The film was written by its director Albert Magnoli and William Blinn.
On the tour to promote the album (conveniently called the "Purple Rain World Tour"), Prince's band, The Revolution, would play the intro to this song for about eight minutes while Prince underwent a costume change before emerging in fresh duds to complete the performance.
Stevie Nicks told Mojo magazine in December 2013 that she was asked by Prince to help work on this song. However, she suspects that the Purple maestro wanted more than just her voice. "I've still got it [the demo cassette] - with the whole instrumental track and a little bit of Prince singing, 'Can't get over that feeling,' or something," the Fleetwood Mac singer recalled. "I told him, 'Prince, I've listened to this a hundred times but I wouldn't know where to start. It's a movie, it's epic."
She added: "The olive branch of him giving me that cassette was huge, but I think he would have liked a romance with me, too."
Prince provided one of the most memorable Super Bowl halftime moments when he performed this song in the rain at the 2007 game between the Indianapolis Colts and Chicago Bears. After blasting through bits of several songs, he slowed things down for a sensuous rendition of "Purple Rain." The stadium turned dark, and purple lights glistened through raindrops as Prince enraptured the crowd with a silhouetted guitar solo that produced a stunning visual. Colts fans will remember the game, but for the rest of us, Prince's performance on the field was the highlight.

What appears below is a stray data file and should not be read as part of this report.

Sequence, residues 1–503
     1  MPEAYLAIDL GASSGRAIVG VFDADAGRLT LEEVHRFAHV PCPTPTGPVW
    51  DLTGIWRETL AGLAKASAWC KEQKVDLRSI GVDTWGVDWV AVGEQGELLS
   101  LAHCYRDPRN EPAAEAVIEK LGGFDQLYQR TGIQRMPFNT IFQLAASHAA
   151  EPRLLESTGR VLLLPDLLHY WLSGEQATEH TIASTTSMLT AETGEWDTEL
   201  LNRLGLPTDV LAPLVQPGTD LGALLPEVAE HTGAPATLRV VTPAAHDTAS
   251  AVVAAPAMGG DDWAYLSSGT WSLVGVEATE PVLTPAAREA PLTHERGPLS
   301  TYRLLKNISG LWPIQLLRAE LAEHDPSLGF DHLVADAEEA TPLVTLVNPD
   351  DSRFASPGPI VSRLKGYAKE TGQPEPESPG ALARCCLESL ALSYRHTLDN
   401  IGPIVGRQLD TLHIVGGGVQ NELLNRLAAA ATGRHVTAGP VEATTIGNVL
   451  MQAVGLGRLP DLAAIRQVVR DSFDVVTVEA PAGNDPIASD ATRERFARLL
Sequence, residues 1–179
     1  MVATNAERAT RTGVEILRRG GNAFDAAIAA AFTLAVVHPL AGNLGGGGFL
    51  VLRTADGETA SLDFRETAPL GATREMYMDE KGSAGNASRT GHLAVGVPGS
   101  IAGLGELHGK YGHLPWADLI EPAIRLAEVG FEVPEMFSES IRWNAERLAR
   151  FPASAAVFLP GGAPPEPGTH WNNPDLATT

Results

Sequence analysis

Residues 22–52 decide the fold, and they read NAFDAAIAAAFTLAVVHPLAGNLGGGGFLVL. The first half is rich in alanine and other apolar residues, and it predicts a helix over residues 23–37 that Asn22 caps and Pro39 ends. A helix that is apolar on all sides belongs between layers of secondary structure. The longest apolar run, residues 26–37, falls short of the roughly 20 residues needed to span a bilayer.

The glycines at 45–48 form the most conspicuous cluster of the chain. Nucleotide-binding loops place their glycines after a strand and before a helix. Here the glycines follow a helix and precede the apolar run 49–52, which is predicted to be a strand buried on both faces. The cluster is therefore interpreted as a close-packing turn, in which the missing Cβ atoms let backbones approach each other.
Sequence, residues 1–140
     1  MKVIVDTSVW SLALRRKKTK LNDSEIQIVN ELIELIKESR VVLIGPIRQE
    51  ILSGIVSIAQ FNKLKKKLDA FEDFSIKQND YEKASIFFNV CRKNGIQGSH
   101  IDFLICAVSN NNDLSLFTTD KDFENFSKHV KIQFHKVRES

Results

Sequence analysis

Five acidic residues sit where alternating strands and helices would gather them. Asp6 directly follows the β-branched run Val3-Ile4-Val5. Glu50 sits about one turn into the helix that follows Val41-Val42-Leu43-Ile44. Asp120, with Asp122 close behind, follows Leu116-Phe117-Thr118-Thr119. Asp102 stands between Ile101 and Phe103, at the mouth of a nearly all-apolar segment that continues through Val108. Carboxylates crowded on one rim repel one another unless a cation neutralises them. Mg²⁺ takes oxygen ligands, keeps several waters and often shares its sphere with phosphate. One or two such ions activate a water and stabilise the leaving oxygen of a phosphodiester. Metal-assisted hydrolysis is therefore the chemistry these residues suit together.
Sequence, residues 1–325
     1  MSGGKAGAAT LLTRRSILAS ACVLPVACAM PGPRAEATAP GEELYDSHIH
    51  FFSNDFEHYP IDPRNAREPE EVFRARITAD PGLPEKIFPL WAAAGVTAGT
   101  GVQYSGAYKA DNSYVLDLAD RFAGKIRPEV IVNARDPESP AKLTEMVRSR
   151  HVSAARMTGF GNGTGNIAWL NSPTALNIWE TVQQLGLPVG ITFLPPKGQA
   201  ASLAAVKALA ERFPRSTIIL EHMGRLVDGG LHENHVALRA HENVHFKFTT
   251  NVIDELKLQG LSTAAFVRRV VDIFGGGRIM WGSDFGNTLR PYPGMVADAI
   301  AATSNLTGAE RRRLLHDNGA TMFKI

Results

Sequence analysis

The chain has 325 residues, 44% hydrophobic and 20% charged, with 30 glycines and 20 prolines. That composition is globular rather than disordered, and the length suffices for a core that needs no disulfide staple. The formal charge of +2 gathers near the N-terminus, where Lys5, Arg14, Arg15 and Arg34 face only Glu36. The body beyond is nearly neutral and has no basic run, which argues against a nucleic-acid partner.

This has been victim to being covered by Phish, featuring the infamous vacuum solos. Jon Fishman, the drummer, reigns control over the vacuum and also sings the song's vocally demanding lyrics. (thanks, Jeff - Kendall Park, NJ)
Apparently Prince had concerns that "Purple Rain" might be too similar to Journey's hit ballad "Faithfully
." The song's composer, Journey keyboardist Jonathan Cain, recalled to Billboard
magazine that the Purple Legend rang him up at Columbia Records' office in Los Angeles. "I want to play something for you, and I want you to check it out," Prince told him. "The chord changes are close to 'Faithfully,' and I don't want you to sue me."
Cain had no problem with the song he heard. "I thought it was an amazing tune," the Journey musician said, "and I told him, 'Man, I'm just super-flattered that you even called. It shows you're that classy of a guy. Good luck with the song. I know it's gonna be a hit.'"
The album is mentioned in the movie Shaun Of The Dead when Shaun and Ed are thumbing through their record collection and deciding what to throw at two zombies in their yard. One of the records that they decide not to chuck is Purple Rain. (thanks, Hermione - Los Angeles, CA)
Among the many artists paying tribute to Prince in the wake of his death was Bruce Springsteen, who opened his concert in Brooklyn on April 23, 2016 with a performance of this song. He dedicated the show to Prince, saying, "There's never been anyone better: bandleader, showman, arranger."
Springsteen and Prince had similar career trajectories, rising to fame in the '70s and dominating the musical landscape in the '80s.